Southern Nevada has been in a drought for about 20 years.
But now, we’re learning this isn’t just drought – it’s a megadrought. That’s a one in 500 years drought.
A study published in the journal "Science" concluded it’s not like megadroughts of the past.
A. Park Williams is the lead researcher on the project. He's a professor with Lamont-Doherty Earth Observatory of Columbia University. He explained that scientists can track droughts easily through the growth rings in trees.
“Because trees live for hundreds of years or even over a thousand years we can use these tree ring records as proxies for past soil moisture and that’s how we see the megadrought,” he said.
He said there isn't an exact definition of a megadrought but scientists know it when they see it.
“When you see it in the tree ring record, you know it," Williams said, "It looks very different from anything modern society experienced during its period of rapid growth in the 1800s and 1900s. These megadroughts were far more severe than anything we saw during that time and much longer-lasting.”
Megadroughts are distinctive because of how much of a region they cover and how long they last.
Williams explained megadroughts are usually caused by a cluster of climate events from the Pacific Ocean known as La Nina, which makes the Southwestern U.S. drier.
The megadrought we're currently experiencing started the same way but climate change is making it worse.
“However, climate change is having a really important role here," he said, "The temperature in the western U.S. is somewhere between 2.5 and 3.0 degrees Fahrenheit warmer today than it would be without human-caused climate change. Those warmer temperatures dry things out.”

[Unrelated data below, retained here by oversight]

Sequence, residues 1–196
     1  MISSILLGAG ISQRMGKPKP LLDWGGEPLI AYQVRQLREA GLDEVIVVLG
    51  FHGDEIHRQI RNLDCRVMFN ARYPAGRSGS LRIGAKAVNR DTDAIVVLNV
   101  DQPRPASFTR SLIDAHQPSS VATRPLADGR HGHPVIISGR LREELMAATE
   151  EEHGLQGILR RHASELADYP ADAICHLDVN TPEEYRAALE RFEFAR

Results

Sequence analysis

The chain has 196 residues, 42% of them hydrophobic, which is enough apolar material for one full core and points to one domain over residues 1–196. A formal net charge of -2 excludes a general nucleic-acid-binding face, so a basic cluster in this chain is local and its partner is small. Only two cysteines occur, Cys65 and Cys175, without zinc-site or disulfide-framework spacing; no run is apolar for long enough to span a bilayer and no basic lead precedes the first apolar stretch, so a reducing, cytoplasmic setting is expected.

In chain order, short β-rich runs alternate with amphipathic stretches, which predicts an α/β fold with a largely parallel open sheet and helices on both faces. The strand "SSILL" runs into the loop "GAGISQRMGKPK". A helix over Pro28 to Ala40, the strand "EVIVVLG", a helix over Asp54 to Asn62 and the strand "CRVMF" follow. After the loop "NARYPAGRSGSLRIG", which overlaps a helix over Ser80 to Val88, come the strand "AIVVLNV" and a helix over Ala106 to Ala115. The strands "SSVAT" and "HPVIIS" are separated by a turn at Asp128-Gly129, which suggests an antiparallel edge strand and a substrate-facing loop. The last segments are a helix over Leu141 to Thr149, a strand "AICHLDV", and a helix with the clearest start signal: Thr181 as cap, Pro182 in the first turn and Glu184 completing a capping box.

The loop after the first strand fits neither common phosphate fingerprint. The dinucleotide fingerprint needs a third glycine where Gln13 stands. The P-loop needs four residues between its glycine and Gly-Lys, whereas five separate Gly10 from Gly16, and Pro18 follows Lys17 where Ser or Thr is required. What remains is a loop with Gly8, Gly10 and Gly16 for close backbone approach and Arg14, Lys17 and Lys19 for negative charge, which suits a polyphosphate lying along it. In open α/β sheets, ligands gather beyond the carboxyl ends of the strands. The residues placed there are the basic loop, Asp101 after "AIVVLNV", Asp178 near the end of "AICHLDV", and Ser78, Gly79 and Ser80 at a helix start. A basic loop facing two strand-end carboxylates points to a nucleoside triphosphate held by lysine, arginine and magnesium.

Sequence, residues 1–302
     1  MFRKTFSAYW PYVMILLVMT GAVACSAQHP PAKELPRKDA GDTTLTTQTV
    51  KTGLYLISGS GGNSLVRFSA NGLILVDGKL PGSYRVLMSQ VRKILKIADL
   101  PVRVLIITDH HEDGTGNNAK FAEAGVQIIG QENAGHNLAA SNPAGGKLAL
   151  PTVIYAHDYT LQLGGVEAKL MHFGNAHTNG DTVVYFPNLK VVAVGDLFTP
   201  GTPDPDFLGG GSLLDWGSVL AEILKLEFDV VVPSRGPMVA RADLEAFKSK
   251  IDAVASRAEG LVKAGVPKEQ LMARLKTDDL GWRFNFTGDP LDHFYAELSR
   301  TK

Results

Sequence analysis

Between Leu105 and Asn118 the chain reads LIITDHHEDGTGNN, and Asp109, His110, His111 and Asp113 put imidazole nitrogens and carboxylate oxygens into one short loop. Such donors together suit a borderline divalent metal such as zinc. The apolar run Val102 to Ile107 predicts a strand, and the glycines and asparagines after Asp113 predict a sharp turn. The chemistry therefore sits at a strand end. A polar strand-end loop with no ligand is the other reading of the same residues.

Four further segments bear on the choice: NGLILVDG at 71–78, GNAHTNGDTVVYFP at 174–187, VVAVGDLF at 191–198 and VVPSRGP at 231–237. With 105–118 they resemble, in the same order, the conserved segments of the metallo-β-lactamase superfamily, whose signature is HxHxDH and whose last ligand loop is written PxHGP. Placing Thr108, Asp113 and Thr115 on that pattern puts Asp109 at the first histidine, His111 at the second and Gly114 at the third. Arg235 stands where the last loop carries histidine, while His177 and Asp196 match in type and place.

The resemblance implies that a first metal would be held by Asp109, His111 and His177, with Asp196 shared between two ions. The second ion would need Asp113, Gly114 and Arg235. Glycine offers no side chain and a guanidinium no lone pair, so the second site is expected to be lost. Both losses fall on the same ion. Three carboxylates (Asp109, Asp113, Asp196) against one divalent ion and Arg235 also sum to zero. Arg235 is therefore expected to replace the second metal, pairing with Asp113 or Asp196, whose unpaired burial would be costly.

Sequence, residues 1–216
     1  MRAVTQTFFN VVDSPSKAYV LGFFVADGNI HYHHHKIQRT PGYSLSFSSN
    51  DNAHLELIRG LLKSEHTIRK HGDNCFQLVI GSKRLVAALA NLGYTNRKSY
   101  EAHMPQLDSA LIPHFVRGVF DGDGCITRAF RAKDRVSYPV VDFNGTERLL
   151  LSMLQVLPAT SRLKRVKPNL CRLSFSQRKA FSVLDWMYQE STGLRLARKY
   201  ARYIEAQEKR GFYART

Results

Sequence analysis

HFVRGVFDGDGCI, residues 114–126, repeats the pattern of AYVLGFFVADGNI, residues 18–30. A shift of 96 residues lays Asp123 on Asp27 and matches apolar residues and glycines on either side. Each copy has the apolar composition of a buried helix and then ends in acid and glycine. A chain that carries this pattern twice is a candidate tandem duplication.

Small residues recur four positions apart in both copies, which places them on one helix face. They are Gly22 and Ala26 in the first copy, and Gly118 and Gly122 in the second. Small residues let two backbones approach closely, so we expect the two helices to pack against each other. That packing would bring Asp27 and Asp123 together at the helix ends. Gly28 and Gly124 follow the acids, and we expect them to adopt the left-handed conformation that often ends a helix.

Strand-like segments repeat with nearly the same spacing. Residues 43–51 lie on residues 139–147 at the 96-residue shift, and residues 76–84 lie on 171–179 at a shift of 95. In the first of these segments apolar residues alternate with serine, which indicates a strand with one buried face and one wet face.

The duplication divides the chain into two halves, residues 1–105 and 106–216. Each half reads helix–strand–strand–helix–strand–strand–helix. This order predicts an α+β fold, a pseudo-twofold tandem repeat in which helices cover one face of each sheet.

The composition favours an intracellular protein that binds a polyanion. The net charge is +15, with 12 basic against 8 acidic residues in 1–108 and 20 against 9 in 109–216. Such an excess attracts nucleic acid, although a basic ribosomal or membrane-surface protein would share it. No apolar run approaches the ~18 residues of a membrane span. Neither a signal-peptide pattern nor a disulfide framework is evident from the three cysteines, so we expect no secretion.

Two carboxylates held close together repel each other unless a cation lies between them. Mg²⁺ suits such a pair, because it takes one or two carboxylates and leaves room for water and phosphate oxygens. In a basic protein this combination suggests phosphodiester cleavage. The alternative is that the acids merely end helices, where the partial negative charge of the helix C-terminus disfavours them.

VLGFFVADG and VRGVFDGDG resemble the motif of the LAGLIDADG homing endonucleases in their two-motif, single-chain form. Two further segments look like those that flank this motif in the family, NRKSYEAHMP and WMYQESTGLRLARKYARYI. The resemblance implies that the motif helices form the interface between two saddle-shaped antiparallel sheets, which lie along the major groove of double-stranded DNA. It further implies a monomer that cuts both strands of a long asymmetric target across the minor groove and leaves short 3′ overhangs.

Williams said because of human-caused climate change what would have been a "garden variety" drought, “has been amplified into a drought that is as strong as the worst droughts of the last millennium because of this extra heat from human-caused climate change.”
While Southern Nevada, California and Arizona experienced a slightly wetter than usual winter, Williams said that doesn't take away from the fact that the region as a whole is in a drought that is on pace with other known megadroughts.
“The last 20 years are on average about as dry as the worst 20 year periods of the worst megadroughts, including that most recent 1500’s drought," he said, "The difference is those megadroughts had an opportunity to end, and as a result, those megadroughts lasted longer. This drought has not yet ended. It is still in its infancy.”
Megadroughts lasted anywhere from 30 to 100 years and only time will tell how long this one will last in the Southwest, Williams said.
With that in mind, Williams thinks it is important to be mindful of water, which is the limiting resource for living in the West.
He pointed out that since the 1930s more water from the Colorado River has been promised to states than flows through it on an average year.
“One thing that should happen in the West is we need to get more realistic about how much water is available today and how much is going to available in the future,” he said.
Over the centuries, water, or the lack of it, has been the biggest factor to shape where life can flourish and where it can't. Williams pointed out that 6,000 years ago the Sahara Desert was green and littered with water holes and the American Southwest was bone dry - drier than it is today.
“Earth has the capability to really turn on us when it comes to water and being able to anticipate those changes is really, really important,” he said.
A. Park Williams, researcher, Lamont-Doherty Earth Observatory of Columbia University
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